There’s a passage in Claudia Rankine’s 2014 novel Citizen that states, “Language that feels hurtful is intended to exploit all the ways that you are present.” Citizen’s narrative compiles sobering real-world scenarios where racism is both emotionally inflicted and visibly palpable, a sort of allegorical stigma carried by the bodies of Black individuals across generations of injustice and diaspora. In recent years, and not without specific challenges, digital technology’s professed hyper-visibility has prompted activists to demand that institutions be held accountable.
Rankine’s shorter stories portray interactions often referred to as “microaggressions”: a psychologist harasses a new patient upon arrival, assuming they had come to the wrong office; a concerned neighbor phones the police to report an unfamiliar man who had been asked to babysit; in a moment of frustration, a woman calls her friend the name of her housekeeper. In these instances, Rankine’s antagonists are indifferent to the point of oblivion, an assertive reference to how discrimination is so deeply embedded into culture that the perpetrator may not recognize that microaggressions, however unwitting, are at the root of cruelty. Through longer and more traumatic verses, violence grows inimical and premeditated. Written to the memory of America’s fallen martyrs—Jordan Russell Davis, Eric Garner, John Crawford, Michael Brown—their spirits materialize in Citizen as an admissible battlecry, expressing the urgency for frameworks that no longer fail to acknowledge brutality.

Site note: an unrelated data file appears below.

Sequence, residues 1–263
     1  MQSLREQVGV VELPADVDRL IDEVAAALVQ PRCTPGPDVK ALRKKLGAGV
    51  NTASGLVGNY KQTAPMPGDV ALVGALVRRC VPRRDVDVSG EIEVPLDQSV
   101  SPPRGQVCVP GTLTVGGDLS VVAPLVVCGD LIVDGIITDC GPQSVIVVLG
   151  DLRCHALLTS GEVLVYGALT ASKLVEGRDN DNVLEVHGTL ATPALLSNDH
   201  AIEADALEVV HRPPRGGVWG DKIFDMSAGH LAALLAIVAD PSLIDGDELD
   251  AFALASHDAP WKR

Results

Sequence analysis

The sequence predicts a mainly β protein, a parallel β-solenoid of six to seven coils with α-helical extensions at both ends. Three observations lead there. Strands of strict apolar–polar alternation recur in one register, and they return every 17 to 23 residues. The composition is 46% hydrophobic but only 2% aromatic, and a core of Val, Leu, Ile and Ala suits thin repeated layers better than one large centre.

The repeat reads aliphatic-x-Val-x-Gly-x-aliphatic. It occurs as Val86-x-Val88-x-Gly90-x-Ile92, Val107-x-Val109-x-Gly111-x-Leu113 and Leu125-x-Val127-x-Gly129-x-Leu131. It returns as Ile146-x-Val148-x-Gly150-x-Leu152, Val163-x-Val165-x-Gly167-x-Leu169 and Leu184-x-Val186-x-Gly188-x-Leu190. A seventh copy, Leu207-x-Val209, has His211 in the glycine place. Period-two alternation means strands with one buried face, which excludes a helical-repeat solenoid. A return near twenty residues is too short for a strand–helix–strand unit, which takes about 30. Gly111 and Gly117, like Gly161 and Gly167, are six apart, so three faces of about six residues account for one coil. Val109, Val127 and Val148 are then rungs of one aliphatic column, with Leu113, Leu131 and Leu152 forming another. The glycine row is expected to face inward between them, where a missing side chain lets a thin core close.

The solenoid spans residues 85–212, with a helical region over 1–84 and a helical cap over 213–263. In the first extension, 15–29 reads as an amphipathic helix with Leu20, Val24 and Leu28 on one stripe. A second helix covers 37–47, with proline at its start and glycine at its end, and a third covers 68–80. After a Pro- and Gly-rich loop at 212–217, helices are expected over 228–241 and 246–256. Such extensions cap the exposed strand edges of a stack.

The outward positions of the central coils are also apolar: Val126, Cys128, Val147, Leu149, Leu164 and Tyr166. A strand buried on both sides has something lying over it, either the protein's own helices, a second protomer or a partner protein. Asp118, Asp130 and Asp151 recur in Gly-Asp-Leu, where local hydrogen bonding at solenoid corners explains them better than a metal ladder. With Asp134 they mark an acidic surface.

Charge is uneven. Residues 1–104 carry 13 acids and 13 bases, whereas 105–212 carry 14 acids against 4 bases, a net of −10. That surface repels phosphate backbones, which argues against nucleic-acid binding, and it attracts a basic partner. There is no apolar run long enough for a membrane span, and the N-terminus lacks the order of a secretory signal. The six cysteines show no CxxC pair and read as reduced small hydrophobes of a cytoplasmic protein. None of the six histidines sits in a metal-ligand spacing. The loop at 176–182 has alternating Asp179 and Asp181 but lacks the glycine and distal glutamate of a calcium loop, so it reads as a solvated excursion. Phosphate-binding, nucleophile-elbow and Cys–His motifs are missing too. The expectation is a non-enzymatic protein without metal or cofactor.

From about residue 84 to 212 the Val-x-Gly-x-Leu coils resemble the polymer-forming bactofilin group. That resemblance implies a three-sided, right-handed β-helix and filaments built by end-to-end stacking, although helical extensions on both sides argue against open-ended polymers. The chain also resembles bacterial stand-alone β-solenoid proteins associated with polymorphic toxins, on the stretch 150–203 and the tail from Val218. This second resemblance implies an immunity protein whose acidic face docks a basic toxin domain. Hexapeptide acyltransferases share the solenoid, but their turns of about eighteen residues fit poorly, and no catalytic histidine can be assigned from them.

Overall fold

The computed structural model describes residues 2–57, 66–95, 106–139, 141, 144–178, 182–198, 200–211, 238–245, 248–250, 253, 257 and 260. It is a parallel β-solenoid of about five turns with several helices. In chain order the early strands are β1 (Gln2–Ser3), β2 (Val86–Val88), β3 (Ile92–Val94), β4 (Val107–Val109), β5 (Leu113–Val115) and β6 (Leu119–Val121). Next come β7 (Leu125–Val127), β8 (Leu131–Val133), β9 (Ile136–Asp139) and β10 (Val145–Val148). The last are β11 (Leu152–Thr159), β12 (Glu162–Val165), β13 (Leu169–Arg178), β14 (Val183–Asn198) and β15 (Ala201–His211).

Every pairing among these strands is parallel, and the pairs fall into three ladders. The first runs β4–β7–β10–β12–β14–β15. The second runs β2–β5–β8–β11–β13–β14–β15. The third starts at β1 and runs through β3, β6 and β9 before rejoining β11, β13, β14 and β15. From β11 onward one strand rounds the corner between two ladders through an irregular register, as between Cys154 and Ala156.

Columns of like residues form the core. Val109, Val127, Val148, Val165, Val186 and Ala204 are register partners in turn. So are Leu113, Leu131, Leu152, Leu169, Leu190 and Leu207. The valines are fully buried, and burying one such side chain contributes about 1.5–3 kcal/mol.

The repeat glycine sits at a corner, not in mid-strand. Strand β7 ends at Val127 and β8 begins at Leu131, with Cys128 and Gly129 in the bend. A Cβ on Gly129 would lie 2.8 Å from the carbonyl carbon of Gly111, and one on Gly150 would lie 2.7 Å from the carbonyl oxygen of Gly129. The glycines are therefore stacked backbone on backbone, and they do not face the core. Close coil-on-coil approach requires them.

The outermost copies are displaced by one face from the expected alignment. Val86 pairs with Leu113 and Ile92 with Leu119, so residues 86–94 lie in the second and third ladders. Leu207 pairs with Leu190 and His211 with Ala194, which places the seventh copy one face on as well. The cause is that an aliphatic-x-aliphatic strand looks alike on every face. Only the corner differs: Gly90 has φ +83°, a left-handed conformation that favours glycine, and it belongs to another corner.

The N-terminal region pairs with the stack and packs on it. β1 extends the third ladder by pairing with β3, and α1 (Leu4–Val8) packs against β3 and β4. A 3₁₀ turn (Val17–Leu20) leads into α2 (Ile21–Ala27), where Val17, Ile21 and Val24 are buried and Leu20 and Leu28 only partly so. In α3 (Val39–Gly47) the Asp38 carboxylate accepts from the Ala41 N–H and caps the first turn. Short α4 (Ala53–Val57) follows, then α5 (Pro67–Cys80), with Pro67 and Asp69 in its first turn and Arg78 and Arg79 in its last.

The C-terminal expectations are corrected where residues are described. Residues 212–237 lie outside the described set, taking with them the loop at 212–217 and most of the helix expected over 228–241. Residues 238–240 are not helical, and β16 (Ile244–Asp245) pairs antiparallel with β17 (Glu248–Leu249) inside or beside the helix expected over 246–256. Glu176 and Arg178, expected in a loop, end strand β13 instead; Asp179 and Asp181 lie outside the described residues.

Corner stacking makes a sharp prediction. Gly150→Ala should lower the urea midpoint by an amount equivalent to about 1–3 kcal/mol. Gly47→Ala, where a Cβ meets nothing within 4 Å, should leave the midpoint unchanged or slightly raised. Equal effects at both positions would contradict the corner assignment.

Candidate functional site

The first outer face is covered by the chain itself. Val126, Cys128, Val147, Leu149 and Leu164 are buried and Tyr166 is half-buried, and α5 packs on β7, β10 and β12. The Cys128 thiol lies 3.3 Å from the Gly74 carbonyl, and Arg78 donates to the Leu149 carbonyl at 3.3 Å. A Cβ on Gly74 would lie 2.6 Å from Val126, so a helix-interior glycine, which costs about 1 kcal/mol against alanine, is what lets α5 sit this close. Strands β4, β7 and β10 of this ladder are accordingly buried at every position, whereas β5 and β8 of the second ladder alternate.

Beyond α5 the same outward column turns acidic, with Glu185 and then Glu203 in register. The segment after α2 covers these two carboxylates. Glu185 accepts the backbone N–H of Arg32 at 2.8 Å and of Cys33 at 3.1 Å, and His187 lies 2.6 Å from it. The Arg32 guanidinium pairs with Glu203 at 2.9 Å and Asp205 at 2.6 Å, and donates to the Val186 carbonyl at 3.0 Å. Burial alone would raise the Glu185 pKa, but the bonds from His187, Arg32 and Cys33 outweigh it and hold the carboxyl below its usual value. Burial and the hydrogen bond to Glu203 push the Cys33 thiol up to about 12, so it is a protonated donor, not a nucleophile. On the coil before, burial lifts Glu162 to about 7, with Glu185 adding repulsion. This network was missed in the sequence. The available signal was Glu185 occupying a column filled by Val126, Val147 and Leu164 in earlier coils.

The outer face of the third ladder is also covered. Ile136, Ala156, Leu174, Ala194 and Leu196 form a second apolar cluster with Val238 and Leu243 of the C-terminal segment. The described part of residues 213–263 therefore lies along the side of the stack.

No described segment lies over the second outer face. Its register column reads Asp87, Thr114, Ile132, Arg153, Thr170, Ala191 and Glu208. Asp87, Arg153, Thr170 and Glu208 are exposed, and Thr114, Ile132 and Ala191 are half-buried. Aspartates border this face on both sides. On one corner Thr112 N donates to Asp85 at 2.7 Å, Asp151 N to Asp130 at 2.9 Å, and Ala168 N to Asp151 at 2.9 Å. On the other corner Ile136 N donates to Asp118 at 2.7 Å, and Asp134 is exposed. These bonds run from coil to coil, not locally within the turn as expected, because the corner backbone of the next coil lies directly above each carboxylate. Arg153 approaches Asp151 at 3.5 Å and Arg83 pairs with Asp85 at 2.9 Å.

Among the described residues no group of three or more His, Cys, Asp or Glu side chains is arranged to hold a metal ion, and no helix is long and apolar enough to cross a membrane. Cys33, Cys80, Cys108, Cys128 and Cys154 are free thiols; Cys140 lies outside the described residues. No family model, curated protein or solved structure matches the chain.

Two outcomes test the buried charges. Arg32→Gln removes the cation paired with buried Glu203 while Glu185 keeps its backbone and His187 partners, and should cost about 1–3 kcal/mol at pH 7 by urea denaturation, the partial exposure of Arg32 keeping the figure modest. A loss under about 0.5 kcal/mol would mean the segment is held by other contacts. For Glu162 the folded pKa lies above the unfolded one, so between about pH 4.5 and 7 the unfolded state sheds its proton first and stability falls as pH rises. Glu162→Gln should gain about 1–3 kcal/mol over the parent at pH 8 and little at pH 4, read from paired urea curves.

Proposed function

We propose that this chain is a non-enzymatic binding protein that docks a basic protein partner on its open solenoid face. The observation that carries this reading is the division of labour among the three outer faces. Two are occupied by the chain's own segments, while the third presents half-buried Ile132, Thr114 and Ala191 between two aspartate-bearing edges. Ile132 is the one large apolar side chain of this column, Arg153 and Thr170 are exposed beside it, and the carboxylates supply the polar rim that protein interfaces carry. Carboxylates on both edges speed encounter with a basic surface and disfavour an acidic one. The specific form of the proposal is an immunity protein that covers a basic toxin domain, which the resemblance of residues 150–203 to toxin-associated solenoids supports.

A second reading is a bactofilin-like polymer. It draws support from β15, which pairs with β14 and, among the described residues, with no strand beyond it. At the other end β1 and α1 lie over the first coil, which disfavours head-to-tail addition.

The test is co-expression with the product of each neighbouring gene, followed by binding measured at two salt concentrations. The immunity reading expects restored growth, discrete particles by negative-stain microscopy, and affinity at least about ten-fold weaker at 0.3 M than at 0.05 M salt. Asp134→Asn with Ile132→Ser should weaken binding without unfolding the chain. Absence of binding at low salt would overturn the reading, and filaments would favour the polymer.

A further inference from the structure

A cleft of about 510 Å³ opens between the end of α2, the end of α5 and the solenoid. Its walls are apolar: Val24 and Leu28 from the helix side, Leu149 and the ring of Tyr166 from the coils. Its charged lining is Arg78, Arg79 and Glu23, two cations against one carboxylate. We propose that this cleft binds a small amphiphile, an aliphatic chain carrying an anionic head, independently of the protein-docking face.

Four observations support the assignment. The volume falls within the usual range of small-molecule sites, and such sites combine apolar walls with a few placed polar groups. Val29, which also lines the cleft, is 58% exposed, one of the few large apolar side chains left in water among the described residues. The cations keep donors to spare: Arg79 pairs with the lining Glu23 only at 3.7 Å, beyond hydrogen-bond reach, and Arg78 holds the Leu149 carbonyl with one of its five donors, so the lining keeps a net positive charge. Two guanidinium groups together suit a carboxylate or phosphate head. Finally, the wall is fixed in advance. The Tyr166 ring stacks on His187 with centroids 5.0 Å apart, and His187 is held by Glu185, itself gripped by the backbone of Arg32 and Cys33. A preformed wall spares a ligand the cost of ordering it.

Rankine describes an unequal exchange, in which viewing a Black artist’s work becomes an experience inadvertently attributed to the biases of history. Printed as a diptych toward the center of the novel, Glenn Ligon’s 1991 painting reads, “I Feel Most Colored When I Am Thrown Against A Sharp White Background,” unequivocally communicating the frustrations Black men and women are made to feel in predominantly white spaces. Perhaps Ligon’s work also alludes to the art world’s long-held trope of the white cube, an ostensible reference today. Embracing provocations with the same passions that empowered many radical predecessors, Black artists are leading activist dialogues and redefining presence, intermixing scholarship and creative practice with the diverse politics of social media.
It’s paradoxical that a sharp white background is still the typical visual signifier of the internet despite the democracy it embodies, at least according to the world’s foremost technology companies. Puffy white clouds over a green field became Microsoft’s most iconic desktop background, originating in 1996 and aptly titled Bliss. The vast emptiness of a pale sky is an easily marketed metaphor, alluding to the promise that, in just a few clicks, anything the imagination desires can appear on a screen.
E. The Avatar dwells in this satirical cyberspace, seated in a fluorescent-lit room behind an empty desk. A pseudonym of the prolific Philadelphia-based artist and activist, known as E. Jane or Mhysa, E. The Avatar appeared in a series of seven YouTube videos throughout 2015. In one topical recording, E. The Avatar discusses net neutrality—the principle that internet service providers should enable equal access to all content—as if it’s an emancipating ideology that could save them from digital obsolescence. And in a coy response that negates violence entirely, E. The Avatar draws parallels between Silicon Valley and colonialism in an online context: “Why doesn’t anyone pioneer here? We could all hang out together.” Language in cyberspace becomes neither hurtful nor exploitive but, rather, speaks to a utopia that only those who have truly faced odds can envision.